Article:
We went swimming in tropical waters in Thailand, admired the fabulous Angkor Temples in Cambodia, met the hill tribes in Laos, followed the Ancient Tea Horse Road in China, cycled to the sacred Yushan Mountains in Taiwan, crossed the Nullarbor Plain in Australia, and finally reached the Southern Alps in New Zealand.

Riding one day after the other, we cycled around sixty km (thirty-seven miles) a day, about the same than before Nayla’s birth but with a lot more breaks. We usually rode for one to two hours at a time. Nayla would be sleeping in the hammock or looking at a book. Because of the heat, we also used a small fan that was activated by a solar panel and later by our SunUp dynamo. And then we would stop for at least two hours in order for her to play, test her strength and agility, coordinate her movements, discover the world, and scream with laughter. Of course, it was a moving balance that changed along the way. The most important thing for us was to follow Nayla’s rhythm.

A Typhoon will Hit Taiwan Tonight

“You have to find a shelter!” shouted a local.

We were just reaching the top of a pass, tired, and full of sweat. We had to hurry. Arriving in the first village, we were welcomed by the population who offered us to stay in the school. The hospitality of the people was always fantastic. We slept in Buddhist temples, in schools, in police stations. If we needed help, we always found someone. We have been impressed by the generosity of the population in every country we have been.

Living outside everyday also meant living under all weather conditions. When the sun disappeared behind the dark clouds and the first drops announced rain to come, we needed to find alternatives. But Nayla was a ray of sunshine in the icy mist. She played and laughed cheerfully in the puddles. She shone with life under the same rain that wet us. She lived the moment for what it was, master of a perfect innocence that knows how to create games in each condition.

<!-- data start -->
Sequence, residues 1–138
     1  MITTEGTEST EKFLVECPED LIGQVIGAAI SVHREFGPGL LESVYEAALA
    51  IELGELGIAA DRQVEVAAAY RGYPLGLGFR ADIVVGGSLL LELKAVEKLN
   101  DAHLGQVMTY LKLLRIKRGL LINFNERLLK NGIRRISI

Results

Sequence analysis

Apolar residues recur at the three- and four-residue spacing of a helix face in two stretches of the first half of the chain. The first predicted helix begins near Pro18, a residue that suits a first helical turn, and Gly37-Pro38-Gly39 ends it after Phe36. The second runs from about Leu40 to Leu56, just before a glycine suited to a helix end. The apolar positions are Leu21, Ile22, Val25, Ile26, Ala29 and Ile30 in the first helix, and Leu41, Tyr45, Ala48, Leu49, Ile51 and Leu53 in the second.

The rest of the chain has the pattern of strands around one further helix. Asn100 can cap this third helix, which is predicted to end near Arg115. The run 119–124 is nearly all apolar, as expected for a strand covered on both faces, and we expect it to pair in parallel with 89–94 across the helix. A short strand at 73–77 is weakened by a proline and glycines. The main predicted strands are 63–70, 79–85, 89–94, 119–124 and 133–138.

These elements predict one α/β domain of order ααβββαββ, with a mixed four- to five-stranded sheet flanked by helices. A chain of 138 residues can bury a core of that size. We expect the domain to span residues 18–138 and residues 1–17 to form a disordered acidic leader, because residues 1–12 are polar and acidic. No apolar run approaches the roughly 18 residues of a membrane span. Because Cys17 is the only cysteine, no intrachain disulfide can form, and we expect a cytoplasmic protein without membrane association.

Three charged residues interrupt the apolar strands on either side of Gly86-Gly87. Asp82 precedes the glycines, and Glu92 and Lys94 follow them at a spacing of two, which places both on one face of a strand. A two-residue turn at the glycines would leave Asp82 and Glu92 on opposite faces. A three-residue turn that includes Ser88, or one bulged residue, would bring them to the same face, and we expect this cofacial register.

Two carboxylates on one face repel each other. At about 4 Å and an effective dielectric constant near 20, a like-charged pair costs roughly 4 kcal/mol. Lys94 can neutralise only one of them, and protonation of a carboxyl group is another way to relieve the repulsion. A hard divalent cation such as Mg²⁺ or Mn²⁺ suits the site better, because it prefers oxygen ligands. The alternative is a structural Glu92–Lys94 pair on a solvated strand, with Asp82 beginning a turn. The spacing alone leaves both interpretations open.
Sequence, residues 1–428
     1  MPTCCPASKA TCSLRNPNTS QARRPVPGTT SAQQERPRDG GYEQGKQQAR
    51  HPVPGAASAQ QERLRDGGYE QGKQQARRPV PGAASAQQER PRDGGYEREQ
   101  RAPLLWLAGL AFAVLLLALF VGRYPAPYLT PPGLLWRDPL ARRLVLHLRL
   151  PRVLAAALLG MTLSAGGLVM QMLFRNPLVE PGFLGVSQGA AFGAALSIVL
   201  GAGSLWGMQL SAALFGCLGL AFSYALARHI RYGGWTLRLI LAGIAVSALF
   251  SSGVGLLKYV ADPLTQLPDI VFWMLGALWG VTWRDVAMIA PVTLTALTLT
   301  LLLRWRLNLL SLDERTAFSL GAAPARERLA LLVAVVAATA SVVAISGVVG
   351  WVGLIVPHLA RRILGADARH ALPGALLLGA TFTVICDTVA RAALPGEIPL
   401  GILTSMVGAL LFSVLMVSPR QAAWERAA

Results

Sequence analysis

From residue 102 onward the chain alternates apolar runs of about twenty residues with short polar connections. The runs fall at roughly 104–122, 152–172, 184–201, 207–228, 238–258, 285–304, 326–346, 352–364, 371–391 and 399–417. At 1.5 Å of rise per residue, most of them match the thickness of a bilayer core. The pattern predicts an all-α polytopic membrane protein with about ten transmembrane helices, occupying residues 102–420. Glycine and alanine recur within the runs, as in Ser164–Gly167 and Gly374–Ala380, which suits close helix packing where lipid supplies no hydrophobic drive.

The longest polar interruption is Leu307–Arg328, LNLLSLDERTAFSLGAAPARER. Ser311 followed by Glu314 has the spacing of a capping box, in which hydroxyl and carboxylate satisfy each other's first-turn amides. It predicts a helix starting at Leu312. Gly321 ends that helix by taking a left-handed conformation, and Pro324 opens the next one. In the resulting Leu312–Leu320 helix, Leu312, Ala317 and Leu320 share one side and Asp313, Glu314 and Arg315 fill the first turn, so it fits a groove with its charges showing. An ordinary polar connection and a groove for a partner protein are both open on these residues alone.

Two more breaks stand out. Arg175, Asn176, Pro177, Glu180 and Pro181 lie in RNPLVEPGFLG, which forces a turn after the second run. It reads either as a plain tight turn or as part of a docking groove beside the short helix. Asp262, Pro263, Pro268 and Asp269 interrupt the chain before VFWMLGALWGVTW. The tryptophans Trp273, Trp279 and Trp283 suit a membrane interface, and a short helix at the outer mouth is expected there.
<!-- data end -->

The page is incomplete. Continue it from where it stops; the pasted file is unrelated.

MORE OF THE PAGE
Cycling in these countries also gave us the opportunity to meet people and their culture, and to exchange ways of raising a child. In Thailand, children take baths at the hottest time of the day. So we were invited to bathe Nayla in a bucket in the middle of the market. In Laos, children always walk with a hand full of sticky rice. And our daughter also walked in the middle of rice fields with sticky rice in her hand. In rural China, children are diaper-free and wear pants with a hole.

“How do you deal with hygiene and diapers?” wondered our friends back home.

We washed every day with a home-made shower from our ten-liter water bags. We used coconut oil for our skin and hair. We chose washable diapers that dried on the back of the trailer as we rode. We also focused on elimination communication, when she was playing outside. And we usually carried a lot of water with us, so we could stop anywhere at any time.